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Coronavirus live update

Discussion in 'F1' started by Ferrari 308 GTB, Feb 29, 2020.

  1. Mitch Alsup

    Mitch Alsup F1 Veteran

    Nov 4, 2003
    6,659
    To reach their minds, one often has to resort to high speed lead poisoning--which completely defeats the purpose of reaching their minds...........

    No the only way to reach them is to let them make their own mistakes--AND pay the consequences.
     
  2. freshmeat

    freshmeat F1 Veteran

    Aug 30, 2011
    6,802
    You're not understanding the correlation that has been drawn from other countries.

    In my previous post, I highlighted the clear correlation between mortality rate and infection rate; in those countries the mortality rate ONLY DECLINED once the infection rates hit their peaks. And as I mentioned in that same previous post, as testing continues to get fully ramped up, the mortality % is only going to go down further based on the data collected thus far.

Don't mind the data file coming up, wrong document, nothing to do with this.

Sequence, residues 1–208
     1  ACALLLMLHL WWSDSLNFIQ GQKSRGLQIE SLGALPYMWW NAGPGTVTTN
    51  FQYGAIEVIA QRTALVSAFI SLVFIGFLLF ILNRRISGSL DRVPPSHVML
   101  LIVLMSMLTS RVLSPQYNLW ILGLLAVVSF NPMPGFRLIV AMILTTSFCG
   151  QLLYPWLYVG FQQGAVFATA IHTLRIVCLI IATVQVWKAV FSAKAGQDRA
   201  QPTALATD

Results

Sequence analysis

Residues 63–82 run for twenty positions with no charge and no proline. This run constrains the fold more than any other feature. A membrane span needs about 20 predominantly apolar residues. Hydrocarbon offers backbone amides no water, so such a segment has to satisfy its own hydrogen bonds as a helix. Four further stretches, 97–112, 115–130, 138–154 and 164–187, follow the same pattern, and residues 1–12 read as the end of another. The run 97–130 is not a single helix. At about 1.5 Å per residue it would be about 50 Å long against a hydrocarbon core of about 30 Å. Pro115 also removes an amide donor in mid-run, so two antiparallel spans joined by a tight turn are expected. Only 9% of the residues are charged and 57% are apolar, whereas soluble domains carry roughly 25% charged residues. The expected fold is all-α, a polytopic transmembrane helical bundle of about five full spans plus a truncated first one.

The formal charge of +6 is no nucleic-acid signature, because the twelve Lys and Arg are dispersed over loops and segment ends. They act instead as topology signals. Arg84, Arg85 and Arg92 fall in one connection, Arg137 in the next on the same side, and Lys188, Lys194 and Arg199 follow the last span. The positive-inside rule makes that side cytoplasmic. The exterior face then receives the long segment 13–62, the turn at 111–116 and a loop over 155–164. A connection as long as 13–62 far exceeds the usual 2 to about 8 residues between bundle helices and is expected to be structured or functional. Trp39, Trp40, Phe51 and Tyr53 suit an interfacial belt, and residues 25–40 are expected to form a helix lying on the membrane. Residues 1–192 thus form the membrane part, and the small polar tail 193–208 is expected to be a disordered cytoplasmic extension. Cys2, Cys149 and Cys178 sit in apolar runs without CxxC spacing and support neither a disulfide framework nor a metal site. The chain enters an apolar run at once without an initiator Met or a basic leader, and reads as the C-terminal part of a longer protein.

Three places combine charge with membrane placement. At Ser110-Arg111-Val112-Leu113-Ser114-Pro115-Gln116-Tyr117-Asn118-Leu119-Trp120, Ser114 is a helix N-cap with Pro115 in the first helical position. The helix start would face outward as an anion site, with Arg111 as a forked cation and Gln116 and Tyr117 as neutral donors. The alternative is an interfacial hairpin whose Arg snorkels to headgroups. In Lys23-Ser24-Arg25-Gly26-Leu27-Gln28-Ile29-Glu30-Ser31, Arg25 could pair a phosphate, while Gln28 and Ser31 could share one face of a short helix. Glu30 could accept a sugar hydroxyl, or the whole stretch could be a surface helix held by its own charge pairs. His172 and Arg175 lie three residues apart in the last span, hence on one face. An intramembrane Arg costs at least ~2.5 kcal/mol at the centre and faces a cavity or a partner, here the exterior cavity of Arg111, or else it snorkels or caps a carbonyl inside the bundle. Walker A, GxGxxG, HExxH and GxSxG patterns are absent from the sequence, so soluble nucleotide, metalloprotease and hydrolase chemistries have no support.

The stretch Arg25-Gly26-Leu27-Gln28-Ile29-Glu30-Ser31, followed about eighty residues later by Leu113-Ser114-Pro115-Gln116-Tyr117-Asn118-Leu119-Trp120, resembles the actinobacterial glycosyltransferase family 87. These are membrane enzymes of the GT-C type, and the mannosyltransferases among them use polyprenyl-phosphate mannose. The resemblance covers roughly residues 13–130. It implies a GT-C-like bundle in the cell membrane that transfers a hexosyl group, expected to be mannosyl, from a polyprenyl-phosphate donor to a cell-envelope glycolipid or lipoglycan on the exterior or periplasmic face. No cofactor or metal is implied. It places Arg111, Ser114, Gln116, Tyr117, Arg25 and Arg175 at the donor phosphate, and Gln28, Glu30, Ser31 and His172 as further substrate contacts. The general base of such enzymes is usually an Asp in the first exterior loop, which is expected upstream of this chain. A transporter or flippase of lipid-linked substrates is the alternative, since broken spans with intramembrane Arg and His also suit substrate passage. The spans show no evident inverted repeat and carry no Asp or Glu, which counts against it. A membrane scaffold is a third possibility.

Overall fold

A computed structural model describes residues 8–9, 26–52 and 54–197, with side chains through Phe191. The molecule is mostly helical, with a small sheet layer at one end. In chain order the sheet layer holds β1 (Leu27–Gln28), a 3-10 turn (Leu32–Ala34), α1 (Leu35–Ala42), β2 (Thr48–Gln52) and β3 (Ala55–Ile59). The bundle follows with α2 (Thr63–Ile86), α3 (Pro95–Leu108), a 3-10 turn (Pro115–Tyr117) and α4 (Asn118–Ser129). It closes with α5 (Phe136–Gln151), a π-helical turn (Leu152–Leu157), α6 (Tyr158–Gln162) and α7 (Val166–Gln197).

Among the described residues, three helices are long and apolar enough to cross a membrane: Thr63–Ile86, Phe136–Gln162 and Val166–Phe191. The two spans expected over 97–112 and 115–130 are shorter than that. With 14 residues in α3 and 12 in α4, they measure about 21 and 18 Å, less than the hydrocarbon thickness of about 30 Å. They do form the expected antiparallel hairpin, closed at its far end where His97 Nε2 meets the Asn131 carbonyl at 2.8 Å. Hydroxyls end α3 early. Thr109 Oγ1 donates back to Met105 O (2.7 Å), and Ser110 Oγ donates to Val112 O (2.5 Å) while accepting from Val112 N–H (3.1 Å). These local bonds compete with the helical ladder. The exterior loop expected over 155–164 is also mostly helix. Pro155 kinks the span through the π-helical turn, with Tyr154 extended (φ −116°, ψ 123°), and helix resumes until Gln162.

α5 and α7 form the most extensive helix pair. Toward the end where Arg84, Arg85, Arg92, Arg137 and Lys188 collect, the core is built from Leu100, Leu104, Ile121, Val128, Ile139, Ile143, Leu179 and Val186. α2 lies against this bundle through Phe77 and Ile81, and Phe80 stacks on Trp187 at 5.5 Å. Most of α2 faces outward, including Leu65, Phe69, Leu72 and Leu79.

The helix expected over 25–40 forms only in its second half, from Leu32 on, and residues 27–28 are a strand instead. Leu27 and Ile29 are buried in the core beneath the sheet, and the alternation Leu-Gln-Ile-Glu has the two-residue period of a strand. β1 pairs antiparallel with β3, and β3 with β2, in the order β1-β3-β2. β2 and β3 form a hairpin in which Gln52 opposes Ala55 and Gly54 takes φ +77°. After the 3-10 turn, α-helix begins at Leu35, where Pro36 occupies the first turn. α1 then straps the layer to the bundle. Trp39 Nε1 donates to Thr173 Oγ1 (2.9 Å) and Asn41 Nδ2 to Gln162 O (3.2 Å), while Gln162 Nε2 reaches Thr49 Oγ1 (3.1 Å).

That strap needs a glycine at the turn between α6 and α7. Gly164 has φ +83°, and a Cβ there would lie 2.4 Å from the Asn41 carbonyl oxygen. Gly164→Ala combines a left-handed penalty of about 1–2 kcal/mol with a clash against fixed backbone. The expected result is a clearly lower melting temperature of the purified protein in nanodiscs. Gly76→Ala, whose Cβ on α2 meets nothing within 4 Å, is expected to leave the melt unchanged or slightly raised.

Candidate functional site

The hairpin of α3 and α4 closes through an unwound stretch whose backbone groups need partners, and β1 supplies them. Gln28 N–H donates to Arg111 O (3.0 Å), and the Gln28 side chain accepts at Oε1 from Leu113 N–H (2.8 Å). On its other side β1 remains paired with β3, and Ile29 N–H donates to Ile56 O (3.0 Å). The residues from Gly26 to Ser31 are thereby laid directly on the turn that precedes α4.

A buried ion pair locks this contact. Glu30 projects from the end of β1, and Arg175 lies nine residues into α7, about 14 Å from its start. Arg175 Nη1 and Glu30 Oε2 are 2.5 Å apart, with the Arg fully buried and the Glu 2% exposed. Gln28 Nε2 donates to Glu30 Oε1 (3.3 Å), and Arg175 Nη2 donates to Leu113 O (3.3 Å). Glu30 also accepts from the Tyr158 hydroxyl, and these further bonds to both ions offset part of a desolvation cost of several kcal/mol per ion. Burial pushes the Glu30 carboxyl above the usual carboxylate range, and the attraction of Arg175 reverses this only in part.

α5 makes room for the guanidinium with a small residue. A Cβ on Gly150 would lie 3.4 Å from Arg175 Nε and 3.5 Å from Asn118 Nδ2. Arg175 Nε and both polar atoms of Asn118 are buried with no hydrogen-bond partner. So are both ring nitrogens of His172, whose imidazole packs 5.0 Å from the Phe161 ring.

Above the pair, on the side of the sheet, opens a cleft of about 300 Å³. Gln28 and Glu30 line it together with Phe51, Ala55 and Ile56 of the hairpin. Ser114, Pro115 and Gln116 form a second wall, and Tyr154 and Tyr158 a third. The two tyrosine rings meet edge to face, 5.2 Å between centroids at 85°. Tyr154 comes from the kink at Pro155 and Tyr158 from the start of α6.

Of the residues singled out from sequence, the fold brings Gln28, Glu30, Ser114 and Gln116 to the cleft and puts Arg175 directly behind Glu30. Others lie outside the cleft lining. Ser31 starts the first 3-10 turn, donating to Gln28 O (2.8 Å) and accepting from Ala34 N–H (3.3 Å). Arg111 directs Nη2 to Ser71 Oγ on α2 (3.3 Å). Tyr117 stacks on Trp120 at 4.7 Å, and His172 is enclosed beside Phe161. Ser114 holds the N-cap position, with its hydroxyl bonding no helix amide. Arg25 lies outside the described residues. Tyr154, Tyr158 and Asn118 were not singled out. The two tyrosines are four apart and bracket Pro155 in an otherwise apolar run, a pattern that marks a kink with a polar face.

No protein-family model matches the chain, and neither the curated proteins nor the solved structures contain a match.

This is a clear, positive signal. Data doesn't lie and I trust it EXPONENTIALLY more than murika media; the fact no one is reporting on it tells me it's good news and good news doesn't sell, only panic and fear.

    Also, now the government has acknowledged that chloroquine which I also mentioned earlier, may be a viable stop-gap treatment until a tested vaccine. AGAIN, murika news media not reporting on this coz it's probably too good of a piece of news.

    The flooding of hospitals and emergency beds and ventilators narrrative is also rapidly fizzling out, but I'm glad governments over-reacted and had those in place. Occupancy is nowhere near the exponential numbers news outlets have been sensationalizing, even in the hardest hit places like New York and Seattle.